Mike and Chantell Sackett bought a building lot near Priest Lake in 2005. They planned to build a house there. The Environmental Protection Agency (EPA) had other ideas. As I reported in rightwinggranny on January 9, 2012, the lot is less than an acre and is just 500 feet from Priest Lake on its west side. It is separated from the lake by a house and a road and has no standing water or any hydrologic connection to Lake Priest or any other body of water. Nevertheless, the EPA declared their lot a wetland and threatened to fine them $30,000 every day that they did not return the lot to its original condition. Yesterday the Supreme Court ruled on the lawsuit that followed.
CNBC reported today:
In an opinion by Justice Antonin Scalia, the court rejected EPA’s argument that allowing property owners quick access to courts to contest orders like the one issued to the Sacketts would compromise the agency’s ability to deal with water pollution.
“Compliance orders will remain an effective means of securing prompt voluntary compliance in those many cases where there is no substantial basis to question their validity,” Scalia said.
In this case, the couple objected to the determination that their small lot contained wetlands that are regulated by the Clean Water Act, and they complained there was no reasonable way to challenge the order without risking fines that can mount quickly.
The value of this case is that it gives Americans a way to fight the EPA when it interferes with private property rights. Since the EPA is one of the ways some people in our government plan to institute Agenda 21(see rightwinggranny) and begin to end the concept of private property in the United States, this is a very important decision.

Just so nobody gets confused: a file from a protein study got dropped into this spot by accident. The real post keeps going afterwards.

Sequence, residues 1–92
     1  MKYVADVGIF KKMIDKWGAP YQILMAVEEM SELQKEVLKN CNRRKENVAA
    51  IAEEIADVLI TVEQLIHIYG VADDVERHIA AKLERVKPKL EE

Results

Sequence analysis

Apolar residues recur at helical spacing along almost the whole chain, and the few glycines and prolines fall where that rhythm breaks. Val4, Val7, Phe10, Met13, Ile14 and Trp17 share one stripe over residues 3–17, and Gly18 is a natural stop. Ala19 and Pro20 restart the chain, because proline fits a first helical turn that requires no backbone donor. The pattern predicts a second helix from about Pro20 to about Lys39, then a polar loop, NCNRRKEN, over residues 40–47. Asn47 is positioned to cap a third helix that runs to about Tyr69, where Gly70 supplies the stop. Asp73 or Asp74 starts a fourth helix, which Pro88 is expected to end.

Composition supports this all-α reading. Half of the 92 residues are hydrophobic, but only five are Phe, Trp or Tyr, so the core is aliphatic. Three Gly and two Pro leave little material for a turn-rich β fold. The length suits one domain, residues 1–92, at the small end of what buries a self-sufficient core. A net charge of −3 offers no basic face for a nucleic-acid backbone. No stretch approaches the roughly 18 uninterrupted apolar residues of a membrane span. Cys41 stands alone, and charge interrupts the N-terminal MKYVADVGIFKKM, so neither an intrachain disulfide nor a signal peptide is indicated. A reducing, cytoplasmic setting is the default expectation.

These are two quotes from United Nations leaders regarding private property:
“Current lifestyles and consumption patterns of the affluent middle class–involving high meat intake, use of fossil fuels, appliances, home and work air conditioning, and suburban housing–are not sustainable.” Maurice Strong, Secretary General of the UN’s 1992 Earth Summit
“Land, because of its unique nature and the crucial role it plays in human settlements, cannot be treated as an ordinary asset, controlled by individuals and subject to the pressures and inefficiencies of the market. Private land ownership is also a principle instrument of the accumulation and concentration of wealth and therefore contributes to social injustice; if unchecked, it may become a major obstacle in the planning and implementation of development schemes.” This is a quote from the 1976 UN Conference on Human Settlement, held in Vancouver, Canada. Under “Section D. Land,” of the Report of Habitat, which came out of the conference. It is from the preamble and speaks of the private ownership of land.
These quotes are from rightwinggranny on December 14, 2011. I am sure the Supreme Court will be called upon to rule on private property rights in the future. The President we elect in November will have a major role in deciding who sits on the Supreme Court. If you value American’s property rights, you will vote for a Republican in November. Otherwise, you may find yourself with a Supreme Court that does not support private property rights in America.